While the HTC Vive and Oculus Rift are excellent virtual reality devices, they don't offer the kind of mobility seen in most people's dream VR environment: the Holodeck from Star Trek. The Vive does allow more movement than the Rift, but it's still restricted (and a bit hazardous) because of its tether.

Two years ago, reports surfaced of a system that, while not quite of Holodeck standards, could produce a more immersive VR experience by allowing people to move around freely in huge areas the size of warehouses.

Since that time, Melbourne, Australia-based Zero Latency has improved its software and hardware - some of which is provided by a military contractor - to the point where Sega is now working with it to bring the technology to Japan.

In the zombie shooter, up to six players join in the action at once and, thanks to the motion tracking tech, are represented in-game by virtual avatars - so you shouldn't collide with someone while wearing a headset. There also safety mechanisms that prevent players from walking into walls. The Vive has a similar feature in its chaperone system.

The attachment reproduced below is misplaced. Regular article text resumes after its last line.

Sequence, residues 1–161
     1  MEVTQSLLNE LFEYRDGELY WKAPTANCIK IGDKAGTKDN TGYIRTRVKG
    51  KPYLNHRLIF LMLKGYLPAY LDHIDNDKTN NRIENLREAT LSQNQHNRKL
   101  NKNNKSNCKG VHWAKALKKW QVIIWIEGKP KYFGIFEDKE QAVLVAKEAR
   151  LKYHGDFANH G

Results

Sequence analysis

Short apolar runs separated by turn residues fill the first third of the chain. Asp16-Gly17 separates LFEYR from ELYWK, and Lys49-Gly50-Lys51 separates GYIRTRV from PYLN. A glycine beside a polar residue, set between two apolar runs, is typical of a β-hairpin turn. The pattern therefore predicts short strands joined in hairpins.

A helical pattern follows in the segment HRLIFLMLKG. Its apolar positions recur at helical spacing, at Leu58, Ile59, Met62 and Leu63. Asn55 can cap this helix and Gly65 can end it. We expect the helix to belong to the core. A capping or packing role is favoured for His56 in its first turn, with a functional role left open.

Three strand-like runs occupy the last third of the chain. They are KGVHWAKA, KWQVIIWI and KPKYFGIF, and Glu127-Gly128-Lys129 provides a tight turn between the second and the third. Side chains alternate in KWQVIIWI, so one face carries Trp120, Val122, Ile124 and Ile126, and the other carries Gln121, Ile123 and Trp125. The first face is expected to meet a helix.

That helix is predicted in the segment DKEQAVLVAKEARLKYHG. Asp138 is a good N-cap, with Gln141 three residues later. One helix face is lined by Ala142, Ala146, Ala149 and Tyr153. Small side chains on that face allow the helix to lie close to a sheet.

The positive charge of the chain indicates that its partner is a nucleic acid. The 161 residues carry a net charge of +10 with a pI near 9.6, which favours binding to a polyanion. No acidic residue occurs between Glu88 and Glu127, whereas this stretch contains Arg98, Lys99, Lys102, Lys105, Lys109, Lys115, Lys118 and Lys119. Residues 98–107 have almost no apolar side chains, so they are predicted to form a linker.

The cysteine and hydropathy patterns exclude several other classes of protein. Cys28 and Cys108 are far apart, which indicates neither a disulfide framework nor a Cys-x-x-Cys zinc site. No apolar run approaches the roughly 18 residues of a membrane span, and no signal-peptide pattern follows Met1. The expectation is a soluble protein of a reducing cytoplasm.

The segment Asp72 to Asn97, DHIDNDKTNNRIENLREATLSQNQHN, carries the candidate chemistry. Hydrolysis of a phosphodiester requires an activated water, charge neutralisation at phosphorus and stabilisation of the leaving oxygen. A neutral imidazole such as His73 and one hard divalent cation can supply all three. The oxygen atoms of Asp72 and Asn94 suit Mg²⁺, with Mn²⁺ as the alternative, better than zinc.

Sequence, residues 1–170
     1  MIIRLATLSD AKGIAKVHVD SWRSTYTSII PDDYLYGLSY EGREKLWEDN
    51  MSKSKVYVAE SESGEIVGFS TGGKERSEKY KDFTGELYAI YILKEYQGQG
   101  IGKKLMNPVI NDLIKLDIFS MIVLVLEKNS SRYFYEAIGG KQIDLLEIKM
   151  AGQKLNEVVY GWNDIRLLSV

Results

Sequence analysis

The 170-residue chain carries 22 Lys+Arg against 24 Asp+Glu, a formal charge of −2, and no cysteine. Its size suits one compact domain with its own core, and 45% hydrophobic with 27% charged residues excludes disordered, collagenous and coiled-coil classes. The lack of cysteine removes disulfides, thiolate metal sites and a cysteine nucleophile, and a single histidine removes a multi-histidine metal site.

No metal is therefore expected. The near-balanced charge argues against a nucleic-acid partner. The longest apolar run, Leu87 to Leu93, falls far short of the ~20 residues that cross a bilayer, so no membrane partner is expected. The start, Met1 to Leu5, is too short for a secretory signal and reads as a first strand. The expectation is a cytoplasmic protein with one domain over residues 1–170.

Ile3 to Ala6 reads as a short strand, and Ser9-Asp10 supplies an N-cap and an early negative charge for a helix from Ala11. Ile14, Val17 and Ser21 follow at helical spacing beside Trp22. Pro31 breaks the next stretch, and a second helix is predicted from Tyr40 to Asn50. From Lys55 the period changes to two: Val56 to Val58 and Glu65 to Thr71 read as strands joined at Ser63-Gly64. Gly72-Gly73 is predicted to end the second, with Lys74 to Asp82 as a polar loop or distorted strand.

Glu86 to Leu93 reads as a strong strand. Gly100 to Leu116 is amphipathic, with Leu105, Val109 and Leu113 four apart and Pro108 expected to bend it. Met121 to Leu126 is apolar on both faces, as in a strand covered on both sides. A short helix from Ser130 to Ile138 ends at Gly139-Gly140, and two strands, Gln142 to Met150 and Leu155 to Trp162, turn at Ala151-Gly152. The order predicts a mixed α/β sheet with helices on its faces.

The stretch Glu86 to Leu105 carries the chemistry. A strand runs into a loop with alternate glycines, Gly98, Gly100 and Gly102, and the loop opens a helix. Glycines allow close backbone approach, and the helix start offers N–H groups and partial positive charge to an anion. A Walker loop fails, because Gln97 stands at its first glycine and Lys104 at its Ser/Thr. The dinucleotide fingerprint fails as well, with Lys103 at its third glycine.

The backpacks, which connect to all the gear, give feedback related to what's happening in the game, and not just vibrations, there's also heat and smell. I'm not sure if it could produce the scent of a zombie's rotting flesh, but it would definitely add to the immersion.

Sega, which owns many arcades in Japan, wants to introduce a shorter version of the game to the country that consists of 12-minute rounds (thery're normally 45 -50 minutes) and features new environments and characters.

"When we first tried the Zero Latency experience we were blown away," Kazuhiko Hayami of Sega Live said in a statement. "We are only at the early stages of understanding what free-roam VR is capable of. It's one of the most exciting technologies coming to market today."

Zero Latency is also working on deals to bring its VR technology to the US, China, Europe, and more locations in Australia. As a former laser tag fan, I can't wait to try it.